Conclusion

The frequency of qnr genes among clinical isolates of E. coli demonstrated in this study is higher than the usually reported frequency from other provinces of Iran. Resistance to quinolones antibiotics was highest among ESBL-producing isolates, especially those harboring qnrS among other determinants of qnr gene. There is a need for sensitive antibiotic stewardship especially in the health facilities of Ahvaz, Khuzestan province. Further research, with a wider scope, is needed to ascertain the gravity of quinolones resistance in Iran and to quickly act against its spread among other nosocomial pathogens.

Abbreviations

AZT: 

Aztreonam

CAZ: 

Ceftazidime

CIP: 

Ciprofloxacin

CL: 

Chloramphenicol

CTX: 

Cefotaxime

DDST: 

Double disk synergism test

ESBL: 

Extended-spectrum β-lactamase

ICU: 

Intensive care unit

MIC: 

Minimum inhibitory concentration

NA: 

Nalidixic acid

No: 

Number

OF: 

Ofloxacin

OPD: 

Outpatient department

PMQR: 

Plasmid-mediated quinolone resistance

qnr

Quinolone resistance gene

R: 

Resistant

UTIs: 

Urinary tract infections

Declarations

Acknowledgements

We gratefully acknowledge the Vice-Chancellor for Research and Technology, Ahvaz Jundishapur University of Medical Sciences, for financial support of this study as a Medical Microbiology Master thesis of Hojat Veisi, Ahvaz Jundishapur University of Medical Sciences, Ahvaz, Iran (Grant No.B-9465).

Funding

This study was funded in part by research grants from the Ahvaz Jundishapur University of Medical Sciences, Ahvaz, Iran, who had no role in the data collection, analysis, interpretation, and conclusion made herewith.

Availability of data and materials

All data associated with this manuscript is inclusive in this paper.

Authors’ contributions

AFK and HV conceived the project and designed the experiments. HV, MS, and AF designed and collected samples. HV, AFK, MS, MG, and AF analyzed the data. AFK and HV supervised the collection of the samples. HV, AFK, MS, MG, and AF wrote the manuscript. All authors reviewed and approved the manuscript.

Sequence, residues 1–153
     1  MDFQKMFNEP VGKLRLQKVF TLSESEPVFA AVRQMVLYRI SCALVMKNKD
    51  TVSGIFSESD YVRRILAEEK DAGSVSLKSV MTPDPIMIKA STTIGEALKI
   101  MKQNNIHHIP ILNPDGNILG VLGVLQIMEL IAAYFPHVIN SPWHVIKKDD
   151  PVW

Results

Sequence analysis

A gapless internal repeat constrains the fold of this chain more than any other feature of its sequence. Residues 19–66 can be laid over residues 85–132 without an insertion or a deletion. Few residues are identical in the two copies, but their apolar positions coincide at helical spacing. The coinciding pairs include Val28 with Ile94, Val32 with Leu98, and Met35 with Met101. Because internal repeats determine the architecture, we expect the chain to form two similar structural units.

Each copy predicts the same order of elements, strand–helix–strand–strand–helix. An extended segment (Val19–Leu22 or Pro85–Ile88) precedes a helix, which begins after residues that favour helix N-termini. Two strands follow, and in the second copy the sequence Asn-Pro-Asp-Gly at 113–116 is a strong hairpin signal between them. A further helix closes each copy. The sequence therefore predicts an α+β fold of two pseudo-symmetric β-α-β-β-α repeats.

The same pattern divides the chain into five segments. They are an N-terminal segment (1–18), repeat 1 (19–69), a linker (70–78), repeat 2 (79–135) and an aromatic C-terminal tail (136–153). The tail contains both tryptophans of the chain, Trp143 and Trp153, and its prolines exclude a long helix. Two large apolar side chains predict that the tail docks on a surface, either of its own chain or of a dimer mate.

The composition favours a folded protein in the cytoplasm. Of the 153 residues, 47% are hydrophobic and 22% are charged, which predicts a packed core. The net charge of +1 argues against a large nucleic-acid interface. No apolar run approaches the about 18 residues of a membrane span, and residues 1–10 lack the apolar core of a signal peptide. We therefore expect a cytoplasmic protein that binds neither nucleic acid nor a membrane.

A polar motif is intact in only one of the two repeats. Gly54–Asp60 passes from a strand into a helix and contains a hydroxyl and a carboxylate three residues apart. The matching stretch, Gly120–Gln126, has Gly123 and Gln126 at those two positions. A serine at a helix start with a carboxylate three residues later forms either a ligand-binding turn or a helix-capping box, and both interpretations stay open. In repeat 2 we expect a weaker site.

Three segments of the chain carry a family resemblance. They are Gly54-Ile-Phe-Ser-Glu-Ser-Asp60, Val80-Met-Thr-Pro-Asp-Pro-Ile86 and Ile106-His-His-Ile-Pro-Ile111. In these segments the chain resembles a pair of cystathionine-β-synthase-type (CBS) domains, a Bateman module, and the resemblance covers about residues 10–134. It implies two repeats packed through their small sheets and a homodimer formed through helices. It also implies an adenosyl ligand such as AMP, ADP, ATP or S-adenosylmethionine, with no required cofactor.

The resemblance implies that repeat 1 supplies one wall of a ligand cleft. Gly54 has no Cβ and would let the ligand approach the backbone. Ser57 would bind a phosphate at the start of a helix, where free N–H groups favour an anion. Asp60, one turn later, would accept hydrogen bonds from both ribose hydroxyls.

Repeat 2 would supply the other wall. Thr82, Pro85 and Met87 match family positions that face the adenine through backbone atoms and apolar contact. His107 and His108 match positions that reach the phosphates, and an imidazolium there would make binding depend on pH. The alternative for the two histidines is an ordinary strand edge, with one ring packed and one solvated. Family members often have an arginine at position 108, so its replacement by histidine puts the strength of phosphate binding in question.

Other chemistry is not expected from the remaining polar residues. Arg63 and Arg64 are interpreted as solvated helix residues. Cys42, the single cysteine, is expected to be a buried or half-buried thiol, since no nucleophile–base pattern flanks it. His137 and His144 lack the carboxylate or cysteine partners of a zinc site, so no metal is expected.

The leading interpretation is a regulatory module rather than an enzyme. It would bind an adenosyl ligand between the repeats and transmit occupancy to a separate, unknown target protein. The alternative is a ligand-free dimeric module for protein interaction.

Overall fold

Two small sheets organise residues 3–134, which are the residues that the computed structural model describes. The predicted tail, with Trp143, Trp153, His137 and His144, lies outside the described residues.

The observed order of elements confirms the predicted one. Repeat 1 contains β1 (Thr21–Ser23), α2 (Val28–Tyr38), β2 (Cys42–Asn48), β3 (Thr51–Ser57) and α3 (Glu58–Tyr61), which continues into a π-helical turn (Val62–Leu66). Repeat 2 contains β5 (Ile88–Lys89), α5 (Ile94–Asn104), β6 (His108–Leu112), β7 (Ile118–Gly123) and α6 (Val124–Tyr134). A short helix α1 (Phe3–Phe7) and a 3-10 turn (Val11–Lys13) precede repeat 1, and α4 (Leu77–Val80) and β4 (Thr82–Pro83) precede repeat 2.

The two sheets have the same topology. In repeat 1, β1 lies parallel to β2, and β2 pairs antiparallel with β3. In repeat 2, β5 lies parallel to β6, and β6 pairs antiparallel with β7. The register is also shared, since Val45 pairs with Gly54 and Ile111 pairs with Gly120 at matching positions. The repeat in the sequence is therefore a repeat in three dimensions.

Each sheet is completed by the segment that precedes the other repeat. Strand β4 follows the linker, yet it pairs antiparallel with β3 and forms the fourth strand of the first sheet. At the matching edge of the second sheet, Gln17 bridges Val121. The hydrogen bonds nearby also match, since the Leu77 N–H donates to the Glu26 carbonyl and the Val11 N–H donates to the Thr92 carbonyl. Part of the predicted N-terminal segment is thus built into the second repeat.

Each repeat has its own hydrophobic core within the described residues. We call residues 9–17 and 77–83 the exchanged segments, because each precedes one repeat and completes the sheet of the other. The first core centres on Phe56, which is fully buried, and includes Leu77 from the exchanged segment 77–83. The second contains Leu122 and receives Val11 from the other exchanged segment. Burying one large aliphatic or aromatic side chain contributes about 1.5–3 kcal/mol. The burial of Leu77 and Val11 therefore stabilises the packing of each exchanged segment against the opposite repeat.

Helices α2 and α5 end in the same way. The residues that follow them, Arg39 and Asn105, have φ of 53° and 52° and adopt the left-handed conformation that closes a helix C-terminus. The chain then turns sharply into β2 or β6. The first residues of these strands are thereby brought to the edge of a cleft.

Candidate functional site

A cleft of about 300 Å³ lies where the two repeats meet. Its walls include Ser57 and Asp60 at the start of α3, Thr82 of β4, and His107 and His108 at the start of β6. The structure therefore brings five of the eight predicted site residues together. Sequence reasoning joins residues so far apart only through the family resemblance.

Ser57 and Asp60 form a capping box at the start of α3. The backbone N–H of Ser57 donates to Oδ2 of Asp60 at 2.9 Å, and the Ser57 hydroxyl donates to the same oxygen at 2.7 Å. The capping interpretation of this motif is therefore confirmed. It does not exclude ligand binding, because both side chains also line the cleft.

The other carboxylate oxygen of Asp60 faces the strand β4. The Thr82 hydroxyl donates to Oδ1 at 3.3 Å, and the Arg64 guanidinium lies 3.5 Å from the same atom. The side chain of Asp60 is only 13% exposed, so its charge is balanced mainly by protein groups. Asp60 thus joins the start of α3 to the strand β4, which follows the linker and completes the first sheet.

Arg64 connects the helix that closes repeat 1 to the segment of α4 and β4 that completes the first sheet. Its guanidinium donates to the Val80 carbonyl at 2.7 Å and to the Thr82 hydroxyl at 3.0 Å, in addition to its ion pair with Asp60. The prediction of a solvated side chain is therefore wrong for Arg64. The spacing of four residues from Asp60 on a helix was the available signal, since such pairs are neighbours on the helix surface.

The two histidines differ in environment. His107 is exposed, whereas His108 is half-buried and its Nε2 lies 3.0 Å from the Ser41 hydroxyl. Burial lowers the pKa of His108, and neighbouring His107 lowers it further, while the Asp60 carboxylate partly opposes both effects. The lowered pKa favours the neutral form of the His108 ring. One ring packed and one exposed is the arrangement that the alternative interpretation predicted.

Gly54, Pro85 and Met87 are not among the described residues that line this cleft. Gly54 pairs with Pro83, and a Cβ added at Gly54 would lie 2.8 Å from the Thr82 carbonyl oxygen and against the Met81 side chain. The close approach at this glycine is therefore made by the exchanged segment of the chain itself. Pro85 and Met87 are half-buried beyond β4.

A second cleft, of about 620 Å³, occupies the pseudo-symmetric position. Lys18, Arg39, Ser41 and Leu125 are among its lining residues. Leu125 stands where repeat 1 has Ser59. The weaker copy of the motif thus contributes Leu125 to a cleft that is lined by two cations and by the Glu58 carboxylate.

Ethics approval and consent to participate

This work was approved (Code: IR.AJUMS.REC. B-9465) by the research ethics committee of the Ahvaz Jundishapur University of Medical Sciences, Iran. In this way, all patients gave their written informed consent for participation.

Consent for publication

Not applicable.

Competing interests

The authors declare that they have no competing interest.

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Authors’ Affiliations

(1)
Infectious and Tropical Diseases Research Center, Health Research Institute, Ahvaz Jundishapur University of Medical Sciences, Ahvaz, Iran
(2)
Department of Microbiology, School of Medicine, Ahvaz Jundishapur University of Medical Sciences, Ahvaz, Iran
(3)
Department of Microbiology, Arvand international Division, Ahvaz Jundishapur University of Medical Sciences, Ahvaz, Iran
(4)
Department of Medical Microbiology and Parasitology, College of Health Sciences, Bayero University, PMB, Kano, 3011, Nigeria
(5)
Infectious and Tropical Diseases Research Center, Hormozgan Health Institute, Hormozgan University of Medical Sciences, Bandar Abbas, Iran